TOP SHOWS OF 2014: PART II – Musicians
December 31, 2014
This year, as in some years past, we asked musicians, fans, writers, and other members of the St. Louis community to share their thoughts on the very best live music they witnessed over the last twelve months, in our city or elsewhere. The diverse responses we received were often heartfelt, funny, and entertaining. We’ve included links to each of our contributors’ band pages, Twitter handles, and/or personal websites; show them some love.
Katie Lindhorst, Middle Class Fashion
1) Riot Fest – Chicago, IL (September 12-14)
Absolute mud-covered bliss for three days straight.
As September 12th rolled around, I stood in the rain and listened to Pussy Riot members Nadya Tolokonnikova and Masha Alekhina, Bad Religion’s Greg Graffin, and Bust Magazine founder and writer Marcelle Karp talk about how punk rock fueled their lives and creative pursuits. The inspiration was infectious; I couldn’t stop smiling for hours.
The rain from the day before turned Riot Fest into a giant mud puddle. It was hilarious and messy, but the 13th totally topped the 12th when Die Antwoord, Metric, and The Flaming Lips put on three of the best live performances I’ve ever heard and seen. Certainly more energy, raging, sweating, and dancing mushrooms than I’d ever experienced.
When I thought Riot Fest couldn’t get better, the ground was once again solid, and the weekend ended on the 14th with performances by The Hold Steady, Tegan and Sara, Primus, and The Cure. The most boss weekend of my life. My boots are still caked with mud.
2) Phantogram with TEEN – The Pageant (April 8)
I’d never heard of TEEN before they started their set. They had me hooked instantly. The hypnotic rhythms, dreamy vocals, and rocking grooves had me asking the people around who the hell these girls were. Then they kicked in to their track “Not For Long”, and I was in love. I knew I’d found a new personal favorite.
Phantogram came on stage with a vengeance and a substantial amount of synthesizers and strobe lights. Oh yeah, and bass. Lots and lots of bass. Needless to say my pants had been danced off by the end of the evening.
My bias toward rocking gals that play can a synth may have had an influence on how fantastic I remember the night being. One thing is for sure – both groups dominate synth-driven, groovy tunes.
3) Sleepy Kitty with Bailiff – Off Broadway (January 18)
Singing along to “Batman: The Ride” is great. Really freaking great. When you’re at home alone, in the car, at work, in front of friends and family. It doesn’t matter. It’s so much fun. Singing along with Sleepy Kitty at the Projection Room CD Release will not be topped.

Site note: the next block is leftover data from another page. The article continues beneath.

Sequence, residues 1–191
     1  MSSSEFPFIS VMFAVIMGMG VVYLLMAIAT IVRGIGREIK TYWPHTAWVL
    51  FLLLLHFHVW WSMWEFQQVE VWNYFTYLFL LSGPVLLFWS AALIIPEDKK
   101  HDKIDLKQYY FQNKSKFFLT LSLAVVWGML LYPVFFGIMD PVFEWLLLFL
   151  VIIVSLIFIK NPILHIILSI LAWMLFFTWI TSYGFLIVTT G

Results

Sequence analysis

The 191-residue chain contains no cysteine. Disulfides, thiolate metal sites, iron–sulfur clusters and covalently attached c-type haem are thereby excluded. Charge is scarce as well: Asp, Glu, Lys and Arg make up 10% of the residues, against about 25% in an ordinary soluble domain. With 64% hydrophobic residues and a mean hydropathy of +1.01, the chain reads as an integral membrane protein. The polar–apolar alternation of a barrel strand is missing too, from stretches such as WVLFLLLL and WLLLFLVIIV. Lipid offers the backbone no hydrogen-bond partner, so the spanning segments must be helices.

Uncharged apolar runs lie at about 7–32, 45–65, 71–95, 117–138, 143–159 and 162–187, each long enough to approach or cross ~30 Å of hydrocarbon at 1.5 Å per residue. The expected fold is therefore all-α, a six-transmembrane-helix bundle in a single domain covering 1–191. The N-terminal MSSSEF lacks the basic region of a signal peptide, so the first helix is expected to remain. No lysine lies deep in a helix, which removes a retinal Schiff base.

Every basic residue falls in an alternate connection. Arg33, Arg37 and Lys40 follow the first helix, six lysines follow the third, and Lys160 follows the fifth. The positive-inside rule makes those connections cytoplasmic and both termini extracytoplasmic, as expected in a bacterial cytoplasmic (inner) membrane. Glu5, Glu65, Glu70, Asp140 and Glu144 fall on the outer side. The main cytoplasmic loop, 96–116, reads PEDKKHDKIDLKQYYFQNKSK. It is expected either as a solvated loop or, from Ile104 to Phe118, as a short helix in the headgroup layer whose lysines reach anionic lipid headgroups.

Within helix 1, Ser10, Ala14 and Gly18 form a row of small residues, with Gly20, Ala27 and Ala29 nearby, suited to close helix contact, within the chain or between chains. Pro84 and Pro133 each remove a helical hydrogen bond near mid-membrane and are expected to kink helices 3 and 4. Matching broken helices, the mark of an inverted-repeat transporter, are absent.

The opening band of the evening was Bailiff, from Chicago, IL. They were the real deal. I was blown away by their performance. Never having seen them or heard any of their songs, I went home with Josh Siegel’s guitar lick from “In the Reverie” stuck in my head. I got home and immediately downloaded all of their album, Red Balloon.
Sleepy Kitty took the stage, and the cram-packed crowd at Off Broadway lit up with excitement. Every track on Projection Room is a winner. That night I was so proud of St. Louis and the sensational amount of creativity and talent we host, I was beaming.
P.S. SK puts on a wicked party.
Various artists, Undercurrent at Schlafly Tap Room (all year)
2014 was the year of the weirdo show series: NNN Cook’s Bruxism, Mr. Ben’s NOISE and Joe Hess and Mabel Suen’s Undercurrent being the most notable. Work and other obligations kept me from most of the former two, but I attended as many of the Undercurrent shows as I could. Joe would ask bands, then record them and give the tape out at the following month’s show. Ou Où was asked to play the first one, and we were joined on stage by Nate Larson and Chris Phillips from Yugen, Alex Cunningham and Jake Leech. Burrowss played its last show, Stonechat played as their alter-ego BACCO, Catholic Guilt played while draped in blankets, and The Jerk performed a set based on Steve Martin samples that the tape duplicator refused to dub out of fear of copyright infringement. The rest of the year covered everything from spoken word to free jazz to stand-up comedy to folk and rock and hip hop and noise and everything in between. Chizmo.tv supplied freaky visuals and the vibez were always spot-on. The shows were free, the tapes were free and the beer was good and cold. It was pretty much ideal.
Bitchin Bajas, Circuit des Yeux, & Ghost Ice at Plush (December 10)
This is the second time that Bitchin Bajas and Circuit des Yeux came through town in 2014. I missed their first show at APOP and was determined not to miss this one, too. Bajas, now a three piece, is a love note to the last sixty years of experimental music and minimalist composition. I came expecting them to be great, and they were. What really made the night was the set of Haley Fohr’s Circuit des Yeux. Mark Willey compared her to Scott Walker, which is a pretty tall order, but damn if he wasn’t right. Her age and slight frame belied the huge bellow contained within. That voice, core-shaking and deeply resonant, filled her songs with a power and dread that flattened me. I was wholly unprepared and took it right on the chin. Hyperbole aside, it was the single greatest performance I saw this year.